In a word, it will be chaos.
For some, unexpected problems may be exhilarating or at least funny and definitely par for the course. Most of the planners will be able to see past the unforeseeables to the free-flowing food and easy camaraderie between long-time biodiesel supporters.
But for me, the little potholes in our road to success will spike my stress levels high into the maple tree. I’ll scurry and worry and wish I weren’t responsible. All it will take is for someone to spill 12 ounces of beer on our napkin supply or bleed on the tablecloth and I’ll wonder how such a well thought out plan went so awry.
Before Bob and I were married one of his brothers predicted we would be the objects of “pity and disgust.” One of my brothers felt it wise to reserve his support until we had passed “the test of time.” How many years, we wondered – five, ten…. twenty?
Joe had good reason to hold back. As a Catholic priest he had seen more than his share of failed marriages and the odds were against us. We had both been married before, me for only five years and my relationship history was less than stellar. Bob had three young daughters, we had no savings and I was embroiled in a nasty law suit.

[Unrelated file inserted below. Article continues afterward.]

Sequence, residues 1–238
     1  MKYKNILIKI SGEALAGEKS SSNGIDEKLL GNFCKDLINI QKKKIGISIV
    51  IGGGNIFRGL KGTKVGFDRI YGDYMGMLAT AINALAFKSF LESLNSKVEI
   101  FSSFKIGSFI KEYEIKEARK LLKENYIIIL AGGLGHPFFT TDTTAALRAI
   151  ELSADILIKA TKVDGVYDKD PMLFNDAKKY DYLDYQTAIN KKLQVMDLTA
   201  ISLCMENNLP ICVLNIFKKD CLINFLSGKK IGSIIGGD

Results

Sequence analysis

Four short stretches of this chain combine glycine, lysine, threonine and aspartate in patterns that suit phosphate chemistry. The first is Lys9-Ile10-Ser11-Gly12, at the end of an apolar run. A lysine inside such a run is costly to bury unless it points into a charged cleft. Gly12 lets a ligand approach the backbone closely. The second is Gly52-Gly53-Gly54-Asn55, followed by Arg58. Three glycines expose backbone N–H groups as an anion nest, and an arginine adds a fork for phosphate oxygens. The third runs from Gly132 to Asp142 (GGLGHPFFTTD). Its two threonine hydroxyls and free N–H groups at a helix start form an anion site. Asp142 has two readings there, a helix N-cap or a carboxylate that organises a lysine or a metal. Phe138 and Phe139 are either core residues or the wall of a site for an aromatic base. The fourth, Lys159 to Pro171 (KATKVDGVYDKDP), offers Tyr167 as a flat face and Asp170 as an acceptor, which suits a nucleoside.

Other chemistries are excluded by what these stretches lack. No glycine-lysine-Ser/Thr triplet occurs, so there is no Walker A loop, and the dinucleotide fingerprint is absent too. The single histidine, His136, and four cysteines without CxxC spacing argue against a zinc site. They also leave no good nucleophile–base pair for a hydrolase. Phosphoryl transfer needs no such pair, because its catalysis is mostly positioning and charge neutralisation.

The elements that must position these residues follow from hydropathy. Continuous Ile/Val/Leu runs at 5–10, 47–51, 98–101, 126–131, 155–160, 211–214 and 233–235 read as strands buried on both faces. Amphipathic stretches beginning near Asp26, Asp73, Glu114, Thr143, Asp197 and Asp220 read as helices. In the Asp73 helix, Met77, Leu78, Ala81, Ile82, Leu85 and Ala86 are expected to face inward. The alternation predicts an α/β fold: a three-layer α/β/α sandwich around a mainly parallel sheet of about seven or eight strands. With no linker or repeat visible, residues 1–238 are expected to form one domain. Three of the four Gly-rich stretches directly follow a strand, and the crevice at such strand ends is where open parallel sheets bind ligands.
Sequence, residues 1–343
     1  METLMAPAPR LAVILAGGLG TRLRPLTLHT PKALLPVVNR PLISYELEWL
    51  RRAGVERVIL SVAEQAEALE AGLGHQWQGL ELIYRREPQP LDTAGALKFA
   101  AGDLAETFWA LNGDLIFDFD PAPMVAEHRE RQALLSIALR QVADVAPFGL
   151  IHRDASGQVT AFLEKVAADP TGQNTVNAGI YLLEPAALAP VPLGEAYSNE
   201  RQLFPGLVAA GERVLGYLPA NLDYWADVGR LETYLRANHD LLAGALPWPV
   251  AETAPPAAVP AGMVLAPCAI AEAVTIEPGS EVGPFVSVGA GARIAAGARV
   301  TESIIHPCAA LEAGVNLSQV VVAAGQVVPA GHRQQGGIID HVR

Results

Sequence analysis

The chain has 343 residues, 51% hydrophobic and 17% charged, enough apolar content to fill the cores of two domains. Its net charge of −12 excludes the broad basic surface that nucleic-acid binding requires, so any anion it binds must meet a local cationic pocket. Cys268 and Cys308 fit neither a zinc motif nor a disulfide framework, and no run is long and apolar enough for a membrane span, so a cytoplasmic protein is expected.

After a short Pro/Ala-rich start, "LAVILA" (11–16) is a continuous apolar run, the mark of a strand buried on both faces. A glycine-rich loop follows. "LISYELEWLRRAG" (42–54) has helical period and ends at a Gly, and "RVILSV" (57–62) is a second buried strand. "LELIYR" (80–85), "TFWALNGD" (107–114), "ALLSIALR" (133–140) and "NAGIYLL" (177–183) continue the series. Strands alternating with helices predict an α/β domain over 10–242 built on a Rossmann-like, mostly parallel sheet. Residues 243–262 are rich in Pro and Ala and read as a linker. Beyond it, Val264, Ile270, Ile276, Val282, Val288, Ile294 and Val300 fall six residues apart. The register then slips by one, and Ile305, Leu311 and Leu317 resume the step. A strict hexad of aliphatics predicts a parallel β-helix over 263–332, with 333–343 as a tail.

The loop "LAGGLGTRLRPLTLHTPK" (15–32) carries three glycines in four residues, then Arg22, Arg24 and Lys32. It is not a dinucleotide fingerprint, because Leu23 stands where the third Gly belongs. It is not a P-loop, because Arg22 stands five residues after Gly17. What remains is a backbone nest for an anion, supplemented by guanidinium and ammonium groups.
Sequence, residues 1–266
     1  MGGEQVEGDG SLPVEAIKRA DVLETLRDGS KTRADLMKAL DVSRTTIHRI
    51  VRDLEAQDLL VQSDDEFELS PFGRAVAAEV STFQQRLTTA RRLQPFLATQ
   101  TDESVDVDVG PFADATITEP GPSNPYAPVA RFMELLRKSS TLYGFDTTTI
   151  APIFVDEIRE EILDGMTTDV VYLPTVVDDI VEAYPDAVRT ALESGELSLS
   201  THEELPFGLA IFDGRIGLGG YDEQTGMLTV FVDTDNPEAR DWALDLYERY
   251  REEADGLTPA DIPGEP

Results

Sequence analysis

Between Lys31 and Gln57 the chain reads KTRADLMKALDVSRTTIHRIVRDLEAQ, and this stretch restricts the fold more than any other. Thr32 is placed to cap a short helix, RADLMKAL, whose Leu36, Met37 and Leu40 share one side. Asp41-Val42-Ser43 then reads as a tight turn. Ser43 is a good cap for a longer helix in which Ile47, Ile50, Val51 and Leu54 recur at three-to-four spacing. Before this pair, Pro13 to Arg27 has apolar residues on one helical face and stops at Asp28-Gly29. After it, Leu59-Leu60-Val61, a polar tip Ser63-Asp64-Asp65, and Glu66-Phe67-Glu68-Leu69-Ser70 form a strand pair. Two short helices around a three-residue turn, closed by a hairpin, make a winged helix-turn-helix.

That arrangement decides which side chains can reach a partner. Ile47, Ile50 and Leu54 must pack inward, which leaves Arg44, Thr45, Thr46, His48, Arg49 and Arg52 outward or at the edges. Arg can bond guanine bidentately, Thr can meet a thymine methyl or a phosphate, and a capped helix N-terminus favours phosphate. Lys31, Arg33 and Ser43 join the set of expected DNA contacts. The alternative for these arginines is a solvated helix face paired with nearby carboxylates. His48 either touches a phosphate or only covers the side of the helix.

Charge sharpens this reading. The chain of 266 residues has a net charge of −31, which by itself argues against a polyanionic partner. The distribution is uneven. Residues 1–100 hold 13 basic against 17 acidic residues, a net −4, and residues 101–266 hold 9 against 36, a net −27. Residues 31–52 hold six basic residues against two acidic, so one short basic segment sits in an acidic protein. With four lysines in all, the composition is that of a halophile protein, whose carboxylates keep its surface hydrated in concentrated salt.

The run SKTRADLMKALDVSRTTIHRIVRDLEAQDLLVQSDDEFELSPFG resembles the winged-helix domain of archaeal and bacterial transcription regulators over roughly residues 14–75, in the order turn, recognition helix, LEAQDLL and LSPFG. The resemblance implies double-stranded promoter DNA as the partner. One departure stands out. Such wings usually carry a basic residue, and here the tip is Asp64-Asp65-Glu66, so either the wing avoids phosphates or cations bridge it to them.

But we love birds decided to trust hope over experience and plunge ahead. The obstacles before us were as plentiful as trees in a forest and we often bumped into them painfully. We fantasized about the day when we would emerge from the woods into a sunny meadow. A place where we could gallop into our new life unobstructed.
On July 31, 1994, a day picked specifically because it fell halfway between our birthdays, we became one. Bob’s boss read Aristophanes’ speech in Plato’s Symposium, a reading that brother Joe had brought to our attention. A romantic reading about people feeling whole when they find their other half, having formerly been split apart by the gods for being too powerful.
We dressed the girls in custom made wedding dresses and earnestly recited our vows on the front porch of a rented farm house with thirty-some pairs of eyes upon us. Among them were my mother, two brothers and a sister-in-law and perhaps some goats, pigs and chickens from next door.
We had carefully crafted a manifesto of promise, pledging love, respect and faithfulness and to share our joy, abundance and burdens until the end of time. And here we are twenty years later, still sharing, caring, enjoying and helping each other with our burdens.
About three years ago Bob asked Joe if we had stood the test of time yet and Joe laughed, “Of course you have, I was only talking about a couple of years.”